ANNAPOLIS, Md. — Maryland’s outgoing Gov. Martin O’Malley announced Dec. 31 he would commute the death sentences of the last four inmates on the state’s death row to life imprisonment without possibility of parole.
In 2013, Maryland’s General Assembly repealed capital punishment, but that did not affect the sentences of what at the time were five inmates on death row. One of those inmates, John Booth-El, died of natural causes earlier in 2014.
The state’s last execution was in 2005.
The action was lauded by the Maryland Catholic Conference, which has long advocated for the end of capital punishment.
O’Malley, a Catholic whose second term as governor ends Jan. 21, said in a statement that recent appeals and an opinion by outgoing Maryland Attorney General Doug Gansler have called into question the legality of carrying out those earlier death sentences.
“I have now met or spoken with many of the survivors of the victims of these brutal murders,” said O’Malley’s statement. “They are all good and decent people who have generously granted me the courtesy of discussing the cases of their individual family members.”
He said they “have borne their grief bravely along with the additional torment of an unending legal process. If endless death penalty appeals were to continue, these family members would, no doubt, persevere through that process with continued courage and fortitude.”
O’Malley added that the question at hand is “whether any public good is served by allowing these essentially unexecutable sentences to stand. In my judgment, leaving these death sentences in place does not serve the public good of the people of Maryland, present or future.”
Leaving the sentences in place would, he added, “needlessly and callously subject survivors, and the people of Maryland, to the ordeal of an endless appeals process, with unpredictable twists and turns, and without any hope of finality or closure.”
He said “there is one truth that stands between and before all of us … few of us would ever wish for our children or grandchildren to kill another human being or to take part in the killing of another human being.”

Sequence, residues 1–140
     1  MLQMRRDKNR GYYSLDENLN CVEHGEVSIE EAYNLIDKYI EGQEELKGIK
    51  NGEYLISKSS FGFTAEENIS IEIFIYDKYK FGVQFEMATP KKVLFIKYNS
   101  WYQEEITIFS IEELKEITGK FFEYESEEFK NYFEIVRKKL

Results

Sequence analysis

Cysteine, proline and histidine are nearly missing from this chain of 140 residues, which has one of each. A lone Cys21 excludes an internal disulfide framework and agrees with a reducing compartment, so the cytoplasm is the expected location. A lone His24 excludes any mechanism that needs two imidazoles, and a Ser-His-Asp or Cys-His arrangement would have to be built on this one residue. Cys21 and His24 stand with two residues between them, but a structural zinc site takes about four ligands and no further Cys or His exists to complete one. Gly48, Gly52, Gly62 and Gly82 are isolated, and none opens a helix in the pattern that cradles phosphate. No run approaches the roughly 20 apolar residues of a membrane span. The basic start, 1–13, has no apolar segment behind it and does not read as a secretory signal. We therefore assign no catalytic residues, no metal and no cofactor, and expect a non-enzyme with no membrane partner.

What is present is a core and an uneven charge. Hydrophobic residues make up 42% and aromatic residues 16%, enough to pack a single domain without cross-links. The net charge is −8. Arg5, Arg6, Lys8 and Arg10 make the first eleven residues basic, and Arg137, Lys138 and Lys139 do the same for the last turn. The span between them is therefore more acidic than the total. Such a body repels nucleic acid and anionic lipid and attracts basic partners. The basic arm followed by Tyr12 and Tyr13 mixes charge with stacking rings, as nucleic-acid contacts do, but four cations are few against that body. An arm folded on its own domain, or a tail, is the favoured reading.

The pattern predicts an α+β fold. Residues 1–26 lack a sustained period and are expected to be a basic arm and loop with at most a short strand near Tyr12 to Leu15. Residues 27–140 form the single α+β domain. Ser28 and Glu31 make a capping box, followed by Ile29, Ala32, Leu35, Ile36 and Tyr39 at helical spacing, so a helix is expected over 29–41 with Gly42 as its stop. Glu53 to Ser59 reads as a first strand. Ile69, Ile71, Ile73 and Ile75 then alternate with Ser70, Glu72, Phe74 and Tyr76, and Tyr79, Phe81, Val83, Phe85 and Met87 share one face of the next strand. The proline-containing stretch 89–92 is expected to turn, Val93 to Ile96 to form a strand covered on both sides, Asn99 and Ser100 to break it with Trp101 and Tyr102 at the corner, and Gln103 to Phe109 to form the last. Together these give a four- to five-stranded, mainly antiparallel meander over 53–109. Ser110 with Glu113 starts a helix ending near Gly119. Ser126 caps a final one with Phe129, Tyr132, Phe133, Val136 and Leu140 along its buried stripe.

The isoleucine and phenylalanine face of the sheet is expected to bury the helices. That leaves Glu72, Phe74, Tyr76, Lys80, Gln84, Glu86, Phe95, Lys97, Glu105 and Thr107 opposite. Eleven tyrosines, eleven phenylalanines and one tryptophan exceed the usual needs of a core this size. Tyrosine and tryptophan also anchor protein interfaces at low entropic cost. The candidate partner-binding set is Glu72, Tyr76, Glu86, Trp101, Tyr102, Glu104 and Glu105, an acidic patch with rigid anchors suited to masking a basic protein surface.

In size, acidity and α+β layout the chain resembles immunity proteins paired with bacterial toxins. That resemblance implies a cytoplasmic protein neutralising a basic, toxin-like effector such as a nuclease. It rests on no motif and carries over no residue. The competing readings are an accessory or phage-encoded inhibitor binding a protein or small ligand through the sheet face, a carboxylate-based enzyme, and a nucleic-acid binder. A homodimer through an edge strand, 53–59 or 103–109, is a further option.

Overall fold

O’Malley added that he hopes the commutations “might bring about a greater degree of closure for all of the survivors and their families.”
Mary Ellen Russell of the Maryland Catholic Conference told Catholic News Service that O’Malley’s announcement was not unexpected after Gansler’s November opinion said that, under current law, there was no way to issue regulations for how to execute the remaining inmates.
“It’s a wonderful way to start the new year,” she said, adding that it brings an end to “a lengthy and heart-rending” process of reviewing and ending capital punishment in the state.
Instead, Russell said, the Catholic Conference and others interested in the workings of the criminal justice system can now focus on other issues, specifically restorative justice.
Russell said it seems unlikely that incoming Gov. Larry Hogan, who also is Catholic, would press to reinstate the death penalty, and “there’s clearly no appetite for it in the General Assembly.” O’Malley is a Democrat and Hogan a Republican.
O’Malley’s two immediate predecessors each authorized two executions. In 2002, Gov. Parris Glendening ordered a moratorium while a study of capital punishment was conducted. It found racial and geographic disparities in how the state applied capital punishment.
His successor, Gov. Robert Ehrlich, reinstated capital punishment and resumed executions, authorizing one in 2004 and one in 2005. In 2006 a state Appeals Court ordered the suspension of executions because of legal problems with the protocol for lethal injection.